Monday, June 22, 2015
So, E3 happened. HOLY SHIT, amirite?
Unbelievable announcements. Un-friggin'-believable.
The Last Guardian, Shenmue 3, and Nier 2! NIER 2!!!
Instead of writing it all up, we covered the show in the next @Gamecritics podcast, and believe you me, that is one hell of an episode. Apart from the E3 stuff, we've got a massive surprise in store.
The ep's not up yet, but SOON! Don't miss!
So, against my better judgment (and the warnings of @ApricotSushi) I caved and picked up a copy of Splatoon.
If nothing else, I give Nintendo credit for getting this game in the conversation and having it catch on with pretty much everybody in my circles -- I felt like I was missing out bigtime for not jumping in on day one. It also doesn’t help that I'm a huge fan of squids and the like in general, so it was tough to hold out.
The base game feels shallow, and success seems based more on luck of the draw than anything else. Despite often coming in first in terms of ink coverage, actually winning hinges on getting a team of high-level players. The matchmaking is brainless, and I’m often on teams of low-level people while going up against a squad of all-20s (the level cap) or close to it.
The ability to turn into a squid also feels too thin. Apart from moving quickly through ink and hiding, it doesn't really add anything very squiddy. I sat and brainstormed the other day, and came up with at least five or ten things the squid form could (or should) do. Stuff like having a tentacle grab to immobilize enemies, maybe a super ink-spray in squid form, or maybe an offensive rocket attack similar to the super-jump. There are tons of possibilities
Splatoon is really cute, it's got a cool concept, and it's the first genuinely new IP that Nintendo has done in quite a while, but it just doesn't feel like it's there yet. It especially doesn't feel like a $60 game, and with what little is included on the disc, I'm a bit resentful that some stuff is locked behind amiibos – even if I wanted to buy them, they’re nowhere to be seen.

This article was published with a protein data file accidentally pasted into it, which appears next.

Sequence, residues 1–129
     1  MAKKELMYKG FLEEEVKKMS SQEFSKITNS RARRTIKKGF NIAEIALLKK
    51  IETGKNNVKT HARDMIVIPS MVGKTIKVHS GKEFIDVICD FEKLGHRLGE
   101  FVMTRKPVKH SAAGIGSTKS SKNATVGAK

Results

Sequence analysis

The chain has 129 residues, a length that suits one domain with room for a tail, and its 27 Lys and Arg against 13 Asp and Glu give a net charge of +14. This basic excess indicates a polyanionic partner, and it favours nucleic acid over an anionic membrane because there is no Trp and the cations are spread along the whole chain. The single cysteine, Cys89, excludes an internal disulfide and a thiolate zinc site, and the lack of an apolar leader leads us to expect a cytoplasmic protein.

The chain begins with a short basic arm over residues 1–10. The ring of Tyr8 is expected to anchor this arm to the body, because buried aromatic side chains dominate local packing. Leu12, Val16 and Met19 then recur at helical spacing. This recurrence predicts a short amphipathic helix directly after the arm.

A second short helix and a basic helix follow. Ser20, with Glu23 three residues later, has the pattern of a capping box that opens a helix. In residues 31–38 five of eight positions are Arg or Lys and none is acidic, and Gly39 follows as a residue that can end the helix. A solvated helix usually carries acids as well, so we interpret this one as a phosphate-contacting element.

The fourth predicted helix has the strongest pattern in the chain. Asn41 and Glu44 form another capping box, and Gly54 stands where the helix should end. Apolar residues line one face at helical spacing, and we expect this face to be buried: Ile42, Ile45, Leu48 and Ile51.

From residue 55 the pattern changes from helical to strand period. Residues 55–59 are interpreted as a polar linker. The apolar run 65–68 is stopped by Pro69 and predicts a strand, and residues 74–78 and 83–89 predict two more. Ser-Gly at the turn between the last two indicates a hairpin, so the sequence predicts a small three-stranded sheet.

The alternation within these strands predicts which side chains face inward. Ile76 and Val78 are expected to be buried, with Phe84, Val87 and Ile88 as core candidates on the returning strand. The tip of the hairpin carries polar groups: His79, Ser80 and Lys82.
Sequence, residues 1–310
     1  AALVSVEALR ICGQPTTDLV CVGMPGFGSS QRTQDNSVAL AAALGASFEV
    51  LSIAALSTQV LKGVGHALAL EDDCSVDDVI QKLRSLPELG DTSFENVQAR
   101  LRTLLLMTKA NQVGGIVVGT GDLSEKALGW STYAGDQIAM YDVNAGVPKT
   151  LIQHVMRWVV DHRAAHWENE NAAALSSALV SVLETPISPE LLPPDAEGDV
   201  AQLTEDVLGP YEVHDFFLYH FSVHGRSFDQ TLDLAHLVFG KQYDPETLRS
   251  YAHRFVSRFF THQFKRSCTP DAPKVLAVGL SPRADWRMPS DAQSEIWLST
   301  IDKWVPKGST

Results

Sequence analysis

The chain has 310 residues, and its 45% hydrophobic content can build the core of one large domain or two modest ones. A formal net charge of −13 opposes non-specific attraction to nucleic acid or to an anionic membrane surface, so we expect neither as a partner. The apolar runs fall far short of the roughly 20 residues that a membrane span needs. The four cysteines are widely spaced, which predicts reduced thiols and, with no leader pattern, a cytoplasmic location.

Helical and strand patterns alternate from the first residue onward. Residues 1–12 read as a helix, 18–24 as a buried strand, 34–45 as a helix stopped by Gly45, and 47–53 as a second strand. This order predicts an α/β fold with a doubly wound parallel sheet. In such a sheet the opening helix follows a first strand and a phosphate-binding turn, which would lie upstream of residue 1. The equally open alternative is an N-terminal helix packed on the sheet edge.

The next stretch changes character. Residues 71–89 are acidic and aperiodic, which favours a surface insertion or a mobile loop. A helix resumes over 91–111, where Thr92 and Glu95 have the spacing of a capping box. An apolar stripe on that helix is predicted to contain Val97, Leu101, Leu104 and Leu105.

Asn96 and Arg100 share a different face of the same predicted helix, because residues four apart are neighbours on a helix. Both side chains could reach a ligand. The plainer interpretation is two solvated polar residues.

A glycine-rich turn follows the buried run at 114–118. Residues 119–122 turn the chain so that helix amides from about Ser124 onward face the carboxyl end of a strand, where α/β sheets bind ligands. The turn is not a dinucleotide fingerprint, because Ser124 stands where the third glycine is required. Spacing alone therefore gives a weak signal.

Now, for a Witcher 3 update.
I was hitting the game pretty hard for a while, giving as much time as I could. I think the writing is generally superb, I enjoy Geralt as a character, and a lot of really cool stuff happens in the story. However, the game is absolutely huge, and the longer it went on, the less excited I was about it.
At the moment, I’ve just wrapped up one major quest line in Novigrad but still have plenty of stuff to do there, and I haven't even been to the third area. Honestly though, I'm getting a little burned out on the game and I haven't touched it in a few days.
I think the appeal of the game is wearing off -- it's a little hard to describe, but it’s started to feel like there isn't enough depth to the gameplay. I know that sounds insane considering how large and detailed everything is, but I can't shake the feeling that at this point, I’m just going from point to point on the map, watching cutscenes to progress the story.
I would like to come back and see how it all wraps up, but people tell me I still have quite a bit of game left, and I need a little time away from it.
Finally, I’m dipping into Hyperdimension Neptunia Re;Birth 3 on Vita, a series I've heard about for quite some time but never tried. Basically, it's a JRPG about characters who are the embodiment of game consoles in a land that’s all about videogames. Sort of. I'm not grasping all of the intricacies, but that's basically about it.
On the one hand, I think the writing is actually quite funny at times, the characters are enjoyable, and it all looks very cute. On the other hand, it doesn't do a great job of explaining the various gameplay systems, and I suspect that it all boils down to typical JRPG grinding. I'm guessing that it's not going to end up being my kind of thing, but I can definitely see why it’s become so popular with a certain crowd.
So, Jurassic World.
The oldest son is with me for the summer, and he was jonesing to see it pretty hard. It wasn't on my list of things to catch in the theater, but he really, really wanted to go. So we went.
|Seriously, don't see this movie! Don't go! I won't let you pass!!|
I was quite bored and found myself reaching for my phone several times. Looking around in the audience, I saw many people doing the same. The simple act of seeing a realistic dinosaur on screen isn't nearly as powerful as it was when the first movie debuted, so such a film needs to bring ore to the table these days.
I don't regret that I went because my son had a great time and I'm happy for that, but as for me, I couldn't wait to get out of the theater and left feeling highly unsatisfied.